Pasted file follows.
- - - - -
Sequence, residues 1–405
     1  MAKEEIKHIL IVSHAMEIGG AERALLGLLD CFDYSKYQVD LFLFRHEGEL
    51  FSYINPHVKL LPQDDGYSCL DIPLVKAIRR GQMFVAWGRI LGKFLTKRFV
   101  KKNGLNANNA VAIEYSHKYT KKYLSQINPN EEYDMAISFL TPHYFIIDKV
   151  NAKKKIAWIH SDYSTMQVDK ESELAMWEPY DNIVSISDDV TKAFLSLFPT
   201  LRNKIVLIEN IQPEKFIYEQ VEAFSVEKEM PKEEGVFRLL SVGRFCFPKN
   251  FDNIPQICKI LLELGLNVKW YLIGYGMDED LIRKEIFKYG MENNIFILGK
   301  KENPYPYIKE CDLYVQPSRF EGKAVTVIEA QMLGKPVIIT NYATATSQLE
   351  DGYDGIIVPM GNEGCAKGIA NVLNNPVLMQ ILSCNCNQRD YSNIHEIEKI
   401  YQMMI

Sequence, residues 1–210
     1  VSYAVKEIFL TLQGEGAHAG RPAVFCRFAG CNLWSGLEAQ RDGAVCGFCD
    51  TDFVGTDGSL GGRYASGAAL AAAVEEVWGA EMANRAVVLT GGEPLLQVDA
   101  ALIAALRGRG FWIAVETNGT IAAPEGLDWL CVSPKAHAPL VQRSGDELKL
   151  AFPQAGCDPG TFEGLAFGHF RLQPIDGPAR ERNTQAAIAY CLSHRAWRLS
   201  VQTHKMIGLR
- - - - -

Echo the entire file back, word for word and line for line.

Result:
Sequence, residues 1–405
     1  MAKEEIKHIL IVSHAMEIGG AERALLGLLD CFDYSKYQVD LFLFRHEGEL
    51  FSYINPHVKL LPQDDGYSCL DIPLVKAIRR GQMFVAWGRI LGKFLTKRFV
   101  KKNGLNANNA VAIEYSHKYT KKYLSQINPN EEYDMAISFL TPHYFIIDKV
   151  NAKKKIAWIH SDYSTMQVDK ESELAMWEPY DNIVSISDDV TKAFLSLFPT
   201  LRNKIVLIEN IQPEKFIYEQ VEAFSVEKEM PKEEGVFRLL SVGRFCFPKN
   251  FDNIPQICKI LLELGLNVKW YLIGYGMDED LIRKEIFKYG MENNIFILGK
   301  KENPYPYIKE CDLYVQPSRF EGKAVTVIEA QMLGKPVIIT NYATATSQLE
   351  DGYDGIIVPM GNEGCAKGIA NVLNNPVLMQ ILSCNCNQRD YSNIHEIEKI
   401  YQMMI

Sequence, residues 1–210
     1  VSYAVKEIFL TLQGEGAHAG RPAVFCRFAG CNLWSGLEAQ RDGAVCGFCD
    51  TDFVGTDGSL GGRYASGAAL AAAVEEVWGA EMANRAVVLT GGEPLLQVDA
   101  ALIAALRGRG FWIAVETNGT IAAPEGLDWL CVSPKAHAPL VQRSGDELKL
   151  AFPQAGCDPG TFEGLAFGHF RLQPIDGPAR ERNTQAAIAY CLSHRAWRLS
   201  VQTHKMIGLR